sOK, that is not something that I say often.
On irc the other day I said something like "If I put glue on the bed and then extrude will that bugger up my nozzle" which is one of those phrases that only works in a very specific context.
Anyway - to explain - the hot end is the bit the heats up the plastic. The extruder forces the plastic in to the hot end. My hot end is a brass tube with a fine 0.5mm diameter nozzle on the end with a heater and a thermistor.
When I started I had some issues with it and one suggestion was to clean it out - which I did. Part of this was using a 0.5mm needle to clear the nozzle. I don't have needles of that type lying around, and the suggestion of checking out the nearest crack den did not help much. So I found a very fine pin and used that. It was a tight fit but with true brute force and ignorance I managed it.
What I now know, thanks to some nice new digital calipers, is the pin is 0.60mm diameter. Oops. Since then the nozzle itself has broken off leaving a hole which is not ideal. I have a new hot end on its way from Germany this week.
In the mean time I have found what happens when your nozzle is too big, and it is a tad bizarre.
Basically you extrude too much plastic at a time or too thick or something, but the upshot is that after a few layers printing the hot end is fighting with the previously printed layer which is too high. It is pushing down on it, and well. This takes a few layers as my hot bed is a PCB and flexible, and only when it has flexed as far as it can does it really start pushing down.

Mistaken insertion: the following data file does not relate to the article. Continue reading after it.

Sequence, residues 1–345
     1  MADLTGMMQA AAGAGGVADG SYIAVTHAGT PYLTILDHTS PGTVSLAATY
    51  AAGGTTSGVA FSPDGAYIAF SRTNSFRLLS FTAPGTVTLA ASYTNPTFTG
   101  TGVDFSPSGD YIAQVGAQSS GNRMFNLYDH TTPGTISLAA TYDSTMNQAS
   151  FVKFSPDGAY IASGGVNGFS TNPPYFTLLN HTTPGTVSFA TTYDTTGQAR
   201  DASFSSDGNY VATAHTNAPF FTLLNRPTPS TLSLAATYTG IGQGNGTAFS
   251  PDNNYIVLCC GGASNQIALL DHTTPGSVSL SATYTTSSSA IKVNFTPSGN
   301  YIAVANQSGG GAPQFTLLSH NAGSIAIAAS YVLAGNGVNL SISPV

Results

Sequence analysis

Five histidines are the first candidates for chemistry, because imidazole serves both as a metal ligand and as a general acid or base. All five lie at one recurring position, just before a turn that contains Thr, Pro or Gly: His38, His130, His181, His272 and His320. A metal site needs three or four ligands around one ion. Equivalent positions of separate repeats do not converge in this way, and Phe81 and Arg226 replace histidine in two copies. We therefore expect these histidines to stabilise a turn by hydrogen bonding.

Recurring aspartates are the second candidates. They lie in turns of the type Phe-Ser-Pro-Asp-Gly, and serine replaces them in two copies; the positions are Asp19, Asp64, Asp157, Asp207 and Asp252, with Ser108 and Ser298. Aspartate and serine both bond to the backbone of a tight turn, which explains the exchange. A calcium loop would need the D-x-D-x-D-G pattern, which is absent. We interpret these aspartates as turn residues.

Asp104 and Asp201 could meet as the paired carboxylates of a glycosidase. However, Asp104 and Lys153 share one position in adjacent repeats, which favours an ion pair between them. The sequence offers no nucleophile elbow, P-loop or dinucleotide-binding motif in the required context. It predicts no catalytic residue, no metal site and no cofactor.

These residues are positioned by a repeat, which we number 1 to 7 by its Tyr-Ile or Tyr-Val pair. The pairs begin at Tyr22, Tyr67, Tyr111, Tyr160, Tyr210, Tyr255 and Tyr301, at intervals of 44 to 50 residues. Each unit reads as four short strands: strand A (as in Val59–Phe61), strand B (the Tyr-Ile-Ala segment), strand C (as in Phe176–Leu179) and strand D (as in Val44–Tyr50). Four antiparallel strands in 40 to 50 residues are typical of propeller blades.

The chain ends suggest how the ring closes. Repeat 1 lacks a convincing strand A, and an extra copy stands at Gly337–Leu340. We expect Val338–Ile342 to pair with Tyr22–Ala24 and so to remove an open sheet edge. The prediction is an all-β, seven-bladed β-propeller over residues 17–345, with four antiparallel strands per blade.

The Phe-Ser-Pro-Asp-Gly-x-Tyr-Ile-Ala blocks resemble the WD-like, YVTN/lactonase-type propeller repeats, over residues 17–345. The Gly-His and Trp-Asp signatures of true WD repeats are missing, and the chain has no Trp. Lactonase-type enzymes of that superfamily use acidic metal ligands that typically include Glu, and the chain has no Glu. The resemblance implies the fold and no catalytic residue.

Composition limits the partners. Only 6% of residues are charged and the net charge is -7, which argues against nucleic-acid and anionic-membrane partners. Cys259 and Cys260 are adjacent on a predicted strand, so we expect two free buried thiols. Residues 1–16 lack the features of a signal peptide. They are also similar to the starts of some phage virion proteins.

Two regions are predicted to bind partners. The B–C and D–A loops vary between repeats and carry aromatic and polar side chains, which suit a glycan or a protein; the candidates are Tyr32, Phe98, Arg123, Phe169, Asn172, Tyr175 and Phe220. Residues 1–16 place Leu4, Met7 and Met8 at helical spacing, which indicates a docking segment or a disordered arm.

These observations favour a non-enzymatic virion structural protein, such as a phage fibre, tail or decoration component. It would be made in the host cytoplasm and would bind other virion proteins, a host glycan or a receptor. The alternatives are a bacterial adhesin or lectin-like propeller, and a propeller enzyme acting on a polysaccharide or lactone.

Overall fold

One effect of this is obvious - the nozzle can push the whole piece sideways and ruin it - thankfully the 60C hot bed with PLA sticks well so that does not happen.
Secondly the plastic cannot get out as the nozzle is jammed up against the previous layer. This means the extruder cannot feed. Now this works by a knurled bolt pushing down on the filament with a sprung bearing the other side. What happens when the hot end gets stuck is it strips the filament cutting a nice groove in it meaning it does not move any more. When the hot end gets to a bit with space under it, hardly any plastic comes out. You get a few layers of fine string and then nothing - job ruined.
The solution is simple - you configure the software to know the nozzle size - it then makes necessary allowances in the layer spacing and so on, and you end up printing a courser image but it does not foul up half way through.
What is odd, is that should all be allowed for in the amount of plastic extruded, which means setting the nozzle bigger should send more plastic. So maybe it is another setting I am missing. Certainly it is a lot better running on a thicker layer setting.
When I get the new hot end I can go back to 0.5mm setting and see if that works.
P.S. It is not all about nozzle size. I had filament diameter wrong (2.8 but in fact 2.7), and packing density wrong (0.85 for ABS when PLA is 1) and E steps per mm wrong. Get these right else you get bad prints! Even a few percent wrong anbd you are screwed...
P.P.S I think my hot end is buggered so waiting for the new one to arrive.